AA: I suspect it's not Beckett's time, yet. Too advanced for us? For our technology? All his life Meyerhold (director) tried to destroy proscenium theater.(box) Russian theatre is built specifically for Chekhov, etc. Ours (UAF) is OPEN proscenium that "I need to be close to the actor as possible." Started with Chekhov, that closeness; Beckett took it to its natural end. It's not knowledge, as such, but APPLICATION; not just understanding Beckett, but being able to apply it. Beckett as magic stone. If you know how to do (play), you know everything. [Read out loud "Catastrophe" in class.] What's it about? "Dehumanizing." "It's a good thing it's next to "Endgame."

What is the "catastrophe"? Whose body is the dead body?

Assistant: Clove... Protagonist, etc. ... stereotypes

Is he a Symbolist?

Trio in charge - director (God?) Assistant - protagonist (Christ?) Luke not interested.

What is the catastrophe? God is dead? FH: 3 points of God not able to talk to each other.

Diana: Before you can de-humanize -- don't they have to be human, first?

Gary: Modernization, specialization = detachment. [ergo]

Symbolism: no names needed, only functions. Lighting: story board shots, details... Why so much emphasis on toes? when only head shows? This "light" doesn't bring anything into light! What is meant by the title "Endgame"? (Chess term--no one can win.) Why "end"? What "ended" [Civilization.]
Existentialism -- If Clove left, Hamm wouldn't exist; if there is someone else like him in the end--no good production because they play it "absurd." Plot? Character? Can I take you, the audience, with me? On the trip through drama?

The play is two hours long--maybe that's why "Catastrophe" is so short.

AA: Interpret the play IDEA (Catastrophe) delivering statement, now: "Endgame" explains it. Directed as metaphor, looking for expression: no man or woman present anymore--the WORLD HAS ENDED. To EXPERIENCE this happening! Do you believe there is an end of the world? Each individual playwright's conception, offering--and comes with their own answers. The people of 999... A.D.: everyone thought the world was coming to an end! Every science fiction video is about the end of the world--superstition.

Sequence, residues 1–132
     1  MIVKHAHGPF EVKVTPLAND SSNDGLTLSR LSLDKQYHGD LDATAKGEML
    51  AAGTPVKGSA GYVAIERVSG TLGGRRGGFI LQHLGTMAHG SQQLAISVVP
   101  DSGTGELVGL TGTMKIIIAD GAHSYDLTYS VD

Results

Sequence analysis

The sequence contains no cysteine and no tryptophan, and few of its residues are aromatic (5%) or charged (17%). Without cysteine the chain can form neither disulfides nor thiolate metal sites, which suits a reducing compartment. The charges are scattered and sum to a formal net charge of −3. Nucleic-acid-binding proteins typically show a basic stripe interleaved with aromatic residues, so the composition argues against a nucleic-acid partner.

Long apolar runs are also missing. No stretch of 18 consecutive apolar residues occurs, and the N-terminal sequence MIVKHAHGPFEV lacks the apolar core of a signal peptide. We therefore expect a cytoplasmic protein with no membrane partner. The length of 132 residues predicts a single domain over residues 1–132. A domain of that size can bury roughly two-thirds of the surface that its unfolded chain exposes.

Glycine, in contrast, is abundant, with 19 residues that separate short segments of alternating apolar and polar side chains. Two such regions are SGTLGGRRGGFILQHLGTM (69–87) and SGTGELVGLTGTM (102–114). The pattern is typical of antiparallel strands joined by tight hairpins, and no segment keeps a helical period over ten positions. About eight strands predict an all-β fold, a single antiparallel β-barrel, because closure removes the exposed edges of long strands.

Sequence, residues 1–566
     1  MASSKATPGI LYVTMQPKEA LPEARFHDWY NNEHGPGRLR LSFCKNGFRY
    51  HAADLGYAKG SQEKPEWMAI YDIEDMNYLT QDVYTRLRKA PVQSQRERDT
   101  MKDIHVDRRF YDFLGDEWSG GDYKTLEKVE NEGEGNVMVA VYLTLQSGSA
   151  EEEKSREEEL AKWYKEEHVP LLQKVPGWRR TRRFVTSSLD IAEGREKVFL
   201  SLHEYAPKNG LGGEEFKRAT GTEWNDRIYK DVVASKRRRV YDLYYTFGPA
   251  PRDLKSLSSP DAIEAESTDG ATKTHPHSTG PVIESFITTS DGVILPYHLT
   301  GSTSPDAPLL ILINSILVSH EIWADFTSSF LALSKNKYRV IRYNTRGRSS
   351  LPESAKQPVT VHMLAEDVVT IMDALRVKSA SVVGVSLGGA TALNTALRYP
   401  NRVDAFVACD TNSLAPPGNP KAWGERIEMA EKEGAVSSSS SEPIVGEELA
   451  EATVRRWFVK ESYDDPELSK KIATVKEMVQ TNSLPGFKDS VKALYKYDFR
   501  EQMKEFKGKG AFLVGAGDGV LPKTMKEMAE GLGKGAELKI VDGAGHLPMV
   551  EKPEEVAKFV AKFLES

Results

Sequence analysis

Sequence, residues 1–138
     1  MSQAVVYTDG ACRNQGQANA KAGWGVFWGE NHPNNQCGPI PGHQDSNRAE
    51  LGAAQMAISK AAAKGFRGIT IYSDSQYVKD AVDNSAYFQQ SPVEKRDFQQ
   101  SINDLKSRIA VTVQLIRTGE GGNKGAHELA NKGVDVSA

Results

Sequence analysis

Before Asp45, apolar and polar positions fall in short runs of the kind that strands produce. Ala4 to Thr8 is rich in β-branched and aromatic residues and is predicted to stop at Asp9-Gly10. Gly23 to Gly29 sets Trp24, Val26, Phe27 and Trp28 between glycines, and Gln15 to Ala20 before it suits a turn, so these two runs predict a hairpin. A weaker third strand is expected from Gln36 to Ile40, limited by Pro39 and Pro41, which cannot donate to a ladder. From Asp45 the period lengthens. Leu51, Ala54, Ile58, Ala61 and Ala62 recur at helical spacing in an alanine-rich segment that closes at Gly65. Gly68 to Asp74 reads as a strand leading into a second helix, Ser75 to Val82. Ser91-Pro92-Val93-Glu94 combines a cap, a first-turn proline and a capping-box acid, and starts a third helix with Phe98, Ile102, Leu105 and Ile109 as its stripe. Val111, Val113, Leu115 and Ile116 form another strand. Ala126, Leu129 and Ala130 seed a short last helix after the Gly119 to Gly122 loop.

Fifty years from now people won't feel the same way about the end of the world as we do right now.

Beckett [ .... ]

No Utopia (as in communist propaganda;) only 'dis'topia -- Coming from Russia I thought I'd find (in film) a lot of romance, erotica, etc., but mostly I'm finding science fiction doom. Ray Bradbury is a very popular sci-fi writer; boyish fantasy regarding the future. Look at "Matrix." (movie)

AA: "Denying existence of future, is contrary to our prosperity."

Mike: It's because of our prosperity... [lost thread]

AA: The minute we get "comfortable"...

Tracy: Fall is the most prosperous time, because that's when the fruit is harvested.

According to Beckett, there is no beginning -- only end. No space, time, future, possibility for changes; Just ME (definition of Hell) [egads] Time is nothing but the product of human being. No time exists outside of man.

Beck-SUM

What if:
All the time people are dying--every time somebody dies -- we die. Nobody is born to take his place. Birth doesn't exist in the world with no Time.
Time dies within us.
Time dies: we live...with the consequences. Go inside: the inner world. Your mind. Stream of consciousness-to make a world.

"Endgame?" -- the end of theatre.